Bitcoin (BTC) could suffer one final bear market capitulation if “whales” — addresses that hold more than $1 million worth of Bitcoin — increase their selling pressure, according to on-chain analyst Willy Woo.
Room for another bitcoin drop?
woo rated the average price at which short-term investors have entered the Bitcoin market throughout history and plotted the daily change in value. This resulted in a cost basis, a metric that signals when “inexperienced” traders are selling BTC to “experienced” traders during a BTC freefall, which usually coincides with the market bottom.
The cost base suffered significant declines during previous bear markets, also before a strong accumulation occurred, as shown in the chart below. Interestingly, Bitcoin’s ongoing correction – from $69,000 in November 2021 to around $39,000 in March 2022 – has not led to a massive drop in its cost base.
“It’s inconclusive that we’ve capitulated yet,” Woo said, adding that “there is room for further decline” based on the cost basis signal.
Whales sold their BTC
Woo’s outlook came online with growing speculation about Bitcoin’s next big drop. For example, Christopher Yates, Editor-in-Chief of AcheronInsights, stated that the price of BTC may drop to $30,000 due to the “deterioration of the macro environment.”
“What makes me increasingly suspicious that the bottom has not yet bottomed out for 2022 is the fact that we have yet to see a capitulation-style peak in volume that has occurred. at all recent lows in late 2019, early 2020 and mid-2021”, Yates wrote in his latest BTC analysisadd:
“While not a prerequisite for a market bottom, such a capitulation-like spike in volume gives us confidence in knowing when such a bottom could be near.”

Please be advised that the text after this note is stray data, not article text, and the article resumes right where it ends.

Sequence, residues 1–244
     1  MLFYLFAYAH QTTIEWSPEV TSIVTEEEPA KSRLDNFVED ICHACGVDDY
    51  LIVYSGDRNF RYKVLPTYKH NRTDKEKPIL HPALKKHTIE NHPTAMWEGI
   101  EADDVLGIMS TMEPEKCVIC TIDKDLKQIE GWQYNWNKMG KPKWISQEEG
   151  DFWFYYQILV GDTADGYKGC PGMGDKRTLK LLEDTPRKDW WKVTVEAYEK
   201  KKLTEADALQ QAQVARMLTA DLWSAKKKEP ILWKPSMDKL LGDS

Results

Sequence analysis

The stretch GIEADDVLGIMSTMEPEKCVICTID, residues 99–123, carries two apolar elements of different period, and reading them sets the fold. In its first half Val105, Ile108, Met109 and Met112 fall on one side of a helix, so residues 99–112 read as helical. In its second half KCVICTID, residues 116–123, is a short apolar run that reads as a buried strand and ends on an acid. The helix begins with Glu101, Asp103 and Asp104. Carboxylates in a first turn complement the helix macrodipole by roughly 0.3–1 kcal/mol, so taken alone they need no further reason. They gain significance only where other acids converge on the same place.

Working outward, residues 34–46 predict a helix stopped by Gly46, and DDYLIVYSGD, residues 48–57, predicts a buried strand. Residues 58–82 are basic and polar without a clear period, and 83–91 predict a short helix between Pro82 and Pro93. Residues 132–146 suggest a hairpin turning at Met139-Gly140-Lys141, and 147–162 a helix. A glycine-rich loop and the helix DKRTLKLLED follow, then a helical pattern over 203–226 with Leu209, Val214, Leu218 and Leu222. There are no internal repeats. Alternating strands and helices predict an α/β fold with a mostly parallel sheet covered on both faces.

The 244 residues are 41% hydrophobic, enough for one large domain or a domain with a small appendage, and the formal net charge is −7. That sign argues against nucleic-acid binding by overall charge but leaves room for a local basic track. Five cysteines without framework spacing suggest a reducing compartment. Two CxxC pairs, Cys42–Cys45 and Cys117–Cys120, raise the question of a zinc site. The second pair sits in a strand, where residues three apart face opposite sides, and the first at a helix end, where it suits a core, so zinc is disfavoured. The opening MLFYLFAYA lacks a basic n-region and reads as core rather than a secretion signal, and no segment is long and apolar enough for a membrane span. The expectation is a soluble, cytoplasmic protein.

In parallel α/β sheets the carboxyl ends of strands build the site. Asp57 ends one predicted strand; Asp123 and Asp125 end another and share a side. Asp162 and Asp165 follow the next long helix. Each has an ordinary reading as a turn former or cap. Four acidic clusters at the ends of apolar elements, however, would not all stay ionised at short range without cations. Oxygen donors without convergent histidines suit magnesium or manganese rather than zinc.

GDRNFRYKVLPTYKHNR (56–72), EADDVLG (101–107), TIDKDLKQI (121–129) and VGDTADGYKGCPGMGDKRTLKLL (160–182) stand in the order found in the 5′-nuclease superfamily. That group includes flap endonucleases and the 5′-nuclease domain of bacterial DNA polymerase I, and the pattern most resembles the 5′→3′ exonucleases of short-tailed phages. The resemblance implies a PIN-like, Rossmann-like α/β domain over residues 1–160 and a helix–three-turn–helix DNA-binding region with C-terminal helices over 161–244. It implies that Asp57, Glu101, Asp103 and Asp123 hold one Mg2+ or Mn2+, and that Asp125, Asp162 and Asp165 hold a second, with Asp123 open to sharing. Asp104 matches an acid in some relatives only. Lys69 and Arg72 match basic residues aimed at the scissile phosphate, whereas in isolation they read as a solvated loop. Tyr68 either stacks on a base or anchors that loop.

Ecoinometrics Data Resource provided evidence of the demand gap between small and wealthy Bitcoin investors in its latest weekly report. For example, he noted that addresses that hold up to 10 BTC have accumulated the coins over the past 30 days.
Conversely, those holding more than 10 BTC distributed them.
Woo also noted that Bitcoin whales were selling their stash, thus maintaining downward pressure on prices. This means that small investors have absorbed the pressure from the sell side and have so far prevented the price of Bitcoin from falling below $30,000.
Additionally, Ecoinometrics analyst Nick, noted that the ongoing accumulation trend is “as slow as it gets,” adding that it may weaken after the Federal Reserve’s planned rate hike in March. to control rising inflation. Excerpts:
“To sum up, the Fed is in control. If they screw up their tightening cycle, all risky assets will crash. Bitcoin is currently trading as a risky asset, so it’s unlikely to be an exception. “
Ecoinometrics and Willy Woo’s analysis also show that inexperienced investors have not abandoned their coins, becoming long-term holders (LTH) in the process.
Bitcoin is “the most deflationary” in history
Meanwhile, another metric called “LTH Inflation/Deflation ratio” also supports the aforementioned theory, according to ARK Invest on-chain analyst David Puell.
In detail, Bitcoin inflation indicates that LTH is releasing its BTC faster than the natural sell side of miners. Conversely, deflation suggests that LTH absorbed a proportional amount from the sell side of miners each day, alongside the remaining total supply.
Related: Crypto vs. Physical: The Musk-Saylor Inflation Debate Comes Down to Scarcity
The chart below shows the LTH inflation/deflation ratio showing the period of inflation readings flashing red and deflation readings flashing green.
“Our analysis suggests that Bitcoin, proportional to the supply held by long-term (LTH) holders, is at its most deflationary level in history,” noted David Puell, on-chain researcher at ARK Invest.
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